The first dessert is a sleek white confection of coconut mousse and jasmine-infused Chantilly cream; inside, there’s a brunoise of tropical fruits including mango, lychee and pineapple. Hints of kampot pepper and kaffir lime add sophistication. “When you cut into it, you’ll see many layers and textures.”
In the second dessert, chestnut is the star: It’s Lim’s take on a classic Mont Blanc, using her favourite winter ingredients of Ardeche chestnut and Corsican clementines, with a puff pastry layer, Piedmont hazelnuts and a touch of rum.
During her four years in Paris as a student at Le Cordon Bleu, she discovered chestnuts and clementines at work and at the markets. These seasonal fruits “became very Christmassy for me – very special ingredients that I like to work with during Christmastime.” While her chefs in France were fond of using chestnut in combination with blackcurrant, “my personal favourite is clementine, because I like the citrusy flavour that goes with the chestnut.” She recalls her first taste of clementines from Corsica: They were “like a mandarin orange but very juicy and sweet with almost no sour taste. The Corsican ones are really good – and they always come with a stem and leaf.”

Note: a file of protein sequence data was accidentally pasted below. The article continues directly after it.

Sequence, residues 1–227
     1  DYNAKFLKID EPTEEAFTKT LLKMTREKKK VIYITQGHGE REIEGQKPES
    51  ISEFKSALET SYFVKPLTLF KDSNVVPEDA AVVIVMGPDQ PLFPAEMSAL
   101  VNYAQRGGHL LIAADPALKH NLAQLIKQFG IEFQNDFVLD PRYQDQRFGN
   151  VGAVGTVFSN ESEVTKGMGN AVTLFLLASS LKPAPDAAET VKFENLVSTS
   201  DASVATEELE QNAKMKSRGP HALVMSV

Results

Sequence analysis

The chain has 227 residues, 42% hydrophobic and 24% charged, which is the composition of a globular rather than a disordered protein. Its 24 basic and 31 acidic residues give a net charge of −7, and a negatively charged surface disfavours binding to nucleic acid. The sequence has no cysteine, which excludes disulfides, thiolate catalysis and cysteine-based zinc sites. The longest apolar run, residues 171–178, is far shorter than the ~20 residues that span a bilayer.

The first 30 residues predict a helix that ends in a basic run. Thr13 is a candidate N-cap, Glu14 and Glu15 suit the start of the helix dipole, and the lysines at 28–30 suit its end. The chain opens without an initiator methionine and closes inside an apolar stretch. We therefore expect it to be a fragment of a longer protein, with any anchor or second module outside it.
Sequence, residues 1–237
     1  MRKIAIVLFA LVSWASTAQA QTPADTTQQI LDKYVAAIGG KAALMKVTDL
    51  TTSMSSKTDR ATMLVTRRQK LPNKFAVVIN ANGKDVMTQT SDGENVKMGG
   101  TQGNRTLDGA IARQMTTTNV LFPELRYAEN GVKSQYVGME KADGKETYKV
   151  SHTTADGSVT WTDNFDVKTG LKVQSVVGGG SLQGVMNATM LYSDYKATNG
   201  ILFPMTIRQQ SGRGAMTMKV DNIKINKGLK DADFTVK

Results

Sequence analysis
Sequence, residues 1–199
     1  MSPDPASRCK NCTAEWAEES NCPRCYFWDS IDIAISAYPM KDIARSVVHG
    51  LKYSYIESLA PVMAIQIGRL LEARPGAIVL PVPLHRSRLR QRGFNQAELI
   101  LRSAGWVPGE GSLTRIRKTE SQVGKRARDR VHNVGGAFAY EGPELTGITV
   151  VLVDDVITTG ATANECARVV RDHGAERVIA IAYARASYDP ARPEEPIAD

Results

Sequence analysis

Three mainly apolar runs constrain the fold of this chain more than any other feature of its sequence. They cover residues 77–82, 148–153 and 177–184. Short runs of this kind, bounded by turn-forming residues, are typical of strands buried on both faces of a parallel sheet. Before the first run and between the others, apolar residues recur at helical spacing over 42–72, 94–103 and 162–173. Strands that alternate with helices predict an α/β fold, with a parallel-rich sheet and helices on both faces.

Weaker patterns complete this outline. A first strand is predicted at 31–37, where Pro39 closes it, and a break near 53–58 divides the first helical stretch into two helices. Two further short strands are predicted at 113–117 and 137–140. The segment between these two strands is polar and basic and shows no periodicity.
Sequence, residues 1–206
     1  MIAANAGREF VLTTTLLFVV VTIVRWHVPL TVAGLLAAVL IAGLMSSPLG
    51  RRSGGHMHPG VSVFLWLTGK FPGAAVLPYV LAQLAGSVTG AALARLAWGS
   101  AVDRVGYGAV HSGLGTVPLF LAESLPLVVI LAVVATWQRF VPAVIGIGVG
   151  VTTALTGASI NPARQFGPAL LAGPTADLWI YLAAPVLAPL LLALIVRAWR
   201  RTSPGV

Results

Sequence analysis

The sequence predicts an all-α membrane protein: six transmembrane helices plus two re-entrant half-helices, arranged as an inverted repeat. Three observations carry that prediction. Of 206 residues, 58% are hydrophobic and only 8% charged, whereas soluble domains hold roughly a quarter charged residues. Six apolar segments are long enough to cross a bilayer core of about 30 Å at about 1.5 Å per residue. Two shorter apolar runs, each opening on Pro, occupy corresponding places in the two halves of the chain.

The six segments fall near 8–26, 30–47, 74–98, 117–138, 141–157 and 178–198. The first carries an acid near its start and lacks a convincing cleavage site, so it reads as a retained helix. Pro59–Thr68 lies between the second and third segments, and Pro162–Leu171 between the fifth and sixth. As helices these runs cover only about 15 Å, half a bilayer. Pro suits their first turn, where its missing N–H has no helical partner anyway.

The third dessert, a hazelnut chocolate delice, is inspired by “my favourite childhood snack, which is Ferrero Rocher.” Say what? Asia’s 50 Best’s Best Pastry Chef likes supermarket chocolate, too? “Because of the layers of texture you get when you put it in your mouth – as a kid, I would eat it layer by layer,” she recalled. “The chocolate crust first, with the almonds. After that, you get the wafer layer and then the decadent, more creamy centre, with the hazelnut.”
The journey to the centre of the Ferrero Rocher is replicated in her dessert, with its hazelnut praline, Varlhona’s Guanaja 70 per cent dark chocolate, feuilletine and salted chocolate sable. “When you cut into the cake, you get all the different crispy layers, the oozy praline, a little touch of fleur de sel that rounds off the palate, and then a little bit of Christmassy orange zest.”